Try these clever ingredient swaps and time-saving tips for the best vegan macaroni and cheese.

Breana Killeen
May 21, 2019

When you're craving comfort food, sometimes only mac & cheese will do. The good news is that you can make a healthy and satisfying macaroni and "cheese" without any cheese or other dairy products. Our knock-out Vegan Mac & Cheese recipe relies on a blend of vegetables, nuts and seasonings such as nutritional yeast to create a rich and creamy sauce that's full of flavor. We're also sharing tips to help you save time and cut down on dirty dishes-because it's not really comfort food if it's a hassle to make!

Watch our IGTV series, Veganize It, to see how to make this recipe and more vegan versions of your favorite dishes.

Tips for Making Vegan Mac & Cheese

1. Swap Out the Dairy for Nuts and Vegetables

Instead of the traditional cheese and milk or cream called for in traditional mac & cheese recipes, our vegan mac & cheese calls for a blend of cauliflower, butternut squash, cashews and seasonings such as garlic powder and nutritional yeast to create a sauce with that classic gooey texture and cheesy flavor you expect.

Related: How to Cut, Prep and Cook Butternut Squash

2. Slash Cooking Time and Dirty Dishes

I don't like doing dishes and I don't like being wasteful, and our vegan mac & cheese reflects that "laziness." For example, instead of soaking the cashews overnight-the first step in many sauce recipes in which cashews are used-we boil the cashews for just 15 minutes. And the cashews are boiled right along with the squash and cauliflower, saving pans and time. Then that same pot is used to cook the pasta and to combine the pasta and sauce. A win-win-win.

3. Blend Up a Flavorful Sauce

Once the vegetables and cashews are softened, they're blended with an array of flavor boosters, including no-chicken broth (my favorite vegan broth staple), nutritional yeast (which adds a cheesy Parmesan-like flavor without dairy), Dijon mustard, cider vinegar (for a little acidity), garlic powder, onion powder and a bit of salt. Simply puree until smooth. Tip: If you have a high-speed blender, use it for the silkiest sauce.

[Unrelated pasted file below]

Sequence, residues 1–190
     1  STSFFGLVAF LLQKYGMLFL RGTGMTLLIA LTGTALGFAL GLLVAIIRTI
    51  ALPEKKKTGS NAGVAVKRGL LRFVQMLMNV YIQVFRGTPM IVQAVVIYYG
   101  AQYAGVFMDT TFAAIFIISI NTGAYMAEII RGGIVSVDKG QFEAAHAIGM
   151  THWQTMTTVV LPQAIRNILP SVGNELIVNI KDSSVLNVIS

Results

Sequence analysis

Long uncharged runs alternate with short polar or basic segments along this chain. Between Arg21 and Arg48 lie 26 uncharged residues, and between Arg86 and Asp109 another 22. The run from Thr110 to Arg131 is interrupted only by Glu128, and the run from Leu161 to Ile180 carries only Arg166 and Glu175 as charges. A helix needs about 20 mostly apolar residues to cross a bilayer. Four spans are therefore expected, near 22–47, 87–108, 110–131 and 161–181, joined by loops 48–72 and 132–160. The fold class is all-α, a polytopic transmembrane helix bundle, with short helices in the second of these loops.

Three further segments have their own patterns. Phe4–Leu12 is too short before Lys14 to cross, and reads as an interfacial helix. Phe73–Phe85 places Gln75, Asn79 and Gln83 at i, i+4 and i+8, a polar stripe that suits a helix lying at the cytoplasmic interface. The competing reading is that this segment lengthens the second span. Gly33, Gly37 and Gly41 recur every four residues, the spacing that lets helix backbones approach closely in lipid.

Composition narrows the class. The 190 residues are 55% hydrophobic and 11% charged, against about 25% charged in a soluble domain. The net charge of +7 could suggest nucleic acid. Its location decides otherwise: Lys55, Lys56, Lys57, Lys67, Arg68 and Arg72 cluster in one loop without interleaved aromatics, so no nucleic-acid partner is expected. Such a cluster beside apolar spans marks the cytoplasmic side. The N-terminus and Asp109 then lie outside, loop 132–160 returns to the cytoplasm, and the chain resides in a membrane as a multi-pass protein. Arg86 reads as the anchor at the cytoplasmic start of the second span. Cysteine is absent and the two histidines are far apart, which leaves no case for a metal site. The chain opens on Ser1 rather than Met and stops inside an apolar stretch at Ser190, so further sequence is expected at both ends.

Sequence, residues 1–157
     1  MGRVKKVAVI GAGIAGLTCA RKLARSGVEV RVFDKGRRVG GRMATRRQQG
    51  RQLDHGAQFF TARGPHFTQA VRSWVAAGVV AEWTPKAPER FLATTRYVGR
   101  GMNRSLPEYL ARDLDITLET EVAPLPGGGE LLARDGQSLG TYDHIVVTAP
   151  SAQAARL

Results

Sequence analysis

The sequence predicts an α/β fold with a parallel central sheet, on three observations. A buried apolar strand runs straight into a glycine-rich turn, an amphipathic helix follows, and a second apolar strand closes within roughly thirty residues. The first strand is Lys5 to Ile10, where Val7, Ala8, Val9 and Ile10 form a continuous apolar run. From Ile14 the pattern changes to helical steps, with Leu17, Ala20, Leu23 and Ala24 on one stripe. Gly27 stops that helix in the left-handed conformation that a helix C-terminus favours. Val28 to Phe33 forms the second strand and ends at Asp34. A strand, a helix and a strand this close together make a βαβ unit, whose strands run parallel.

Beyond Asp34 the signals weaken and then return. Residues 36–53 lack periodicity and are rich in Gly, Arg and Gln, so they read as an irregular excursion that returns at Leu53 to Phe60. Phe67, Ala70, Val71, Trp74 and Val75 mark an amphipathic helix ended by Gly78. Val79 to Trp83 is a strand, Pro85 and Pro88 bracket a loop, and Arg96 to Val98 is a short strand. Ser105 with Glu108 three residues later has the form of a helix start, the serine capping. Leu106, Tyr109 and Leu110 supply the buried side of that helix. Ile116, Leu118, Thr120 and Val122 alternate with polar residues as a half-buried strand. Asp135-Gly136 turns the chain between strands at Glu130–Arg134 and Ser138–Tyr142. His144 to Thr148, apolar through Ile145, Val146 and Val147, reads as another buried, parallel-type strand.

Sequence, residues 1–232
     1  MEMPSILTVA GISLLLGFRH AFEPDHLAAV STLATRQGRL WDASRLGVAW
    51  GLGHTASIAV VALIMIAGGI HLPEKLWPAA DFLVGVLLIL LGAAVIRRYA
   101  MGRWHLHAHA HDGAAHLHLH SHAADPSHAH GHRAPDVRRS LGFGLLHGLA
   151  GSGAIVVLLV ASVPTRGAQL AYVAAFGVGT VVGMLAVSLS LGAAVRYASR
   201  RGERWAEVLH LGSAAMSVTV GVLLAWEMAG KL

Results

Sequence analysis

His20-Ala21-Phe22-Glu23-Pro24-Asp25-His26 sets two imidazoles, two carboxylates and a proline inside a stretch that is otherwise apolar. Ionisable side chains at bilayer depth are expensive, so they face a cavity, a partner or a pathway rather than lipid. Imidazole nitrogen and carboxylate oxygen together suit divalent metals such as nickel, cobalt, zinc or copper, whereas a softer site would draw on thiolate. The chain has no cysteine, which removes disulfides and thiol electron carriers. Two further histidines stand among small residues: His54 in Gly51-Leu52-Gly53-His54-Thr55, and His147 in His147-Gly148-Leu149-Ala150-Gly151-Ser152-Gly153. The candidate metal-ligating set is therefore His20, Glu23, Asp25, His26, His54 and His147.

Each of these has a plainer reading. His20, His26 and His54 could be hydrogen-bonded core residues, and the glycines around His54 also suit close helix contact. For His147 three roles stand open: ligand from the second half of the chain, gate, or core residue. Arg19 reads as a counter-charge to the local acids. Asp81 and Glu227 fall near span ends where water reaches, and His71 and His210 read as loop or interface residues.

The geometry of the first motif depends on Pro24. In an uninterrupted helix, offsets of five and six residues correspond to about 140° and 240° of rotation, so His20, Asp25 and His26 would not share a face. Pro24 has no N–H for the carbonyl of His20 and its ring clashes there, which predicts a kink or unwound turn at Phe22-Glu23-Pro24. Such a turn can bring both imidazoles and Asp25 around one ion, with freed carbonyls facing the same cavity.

Related: Healthy Vegan Recipes

4. Top It, Bake It, Serve and Enjoy!

After you combine the sauce and pasta, transfer the mixture to a baking dish and top with a mixture of whole-wheat breadcrumbs, parsley and olive oil. Then bake until the casserole is bubbly, hot and crispy on top.

Check Your Wallet: Traditional Mac & Cheese vs. Vegan Mac & Cheese

Pictured Recipe: Vegan Mac & Cheese

For a look at the difference in price between traditional mac & cheese and vegan mac & cheese, we turned to Dustin Harder, aka the Vegan Roadie (@theveganroadie). Harder points out that the nuts and vegetables in the vegan mac & cheese actually make it cost about 15 cents more per serving than traditional mac & cheese. But when you factor in the vegetable servings you're getting with the vegan mac & cheese, that seems like a pretty fair trade.

Environmental Impact: Traditional Mac & Cheese vs. Vegan Mac & Cheese

In terms of the environmental impact, vegan mac & cheese has the edge over traditional mac & cheese, according to Harder. "Dairy actually has a bigger environmental impact than poultry or pork, when it comes to greenhouse gas emissions per gram of protein," Harder explains. "So by swapping dairy for cauliflower, butternut squash and cashews you're doing your part to help save the planet!"

Related: Why Switching to a Vegan Diet Is Good for the Planet (and You!)

Nutritional Comparison: Traditional Mac & Cheese vs. Vegan Mac & Cheese

Compared to a typical serving of mac & cheese at a restaurant, our vegan recipe saves you 600 calories, 33 grams of saturated fat and 1,500 mg of sodium! However, since cheese and dairy are good sources of protein, the traditional version of mac & cheese does have about 20 more grams of protein than the vegan version.

Related: Top Vegetarian Protein Sources

Veganize It in Your Kitchen Today!

Mac & cheese is delicious served alongside a salad or garlicky green beans-or eaten straight out of the pan. Check back in with Veganize It soon-we'll be rolling out a new vegan version of a favorite dish every week on IGTV.

Culinary nutritionist and EatingWell Test Kitchen manager Breana Killeen is a Le Cordon Bleu–trained cook, dietitian and sommelier who loves dogs, classic cars and a cool glass of rosé.

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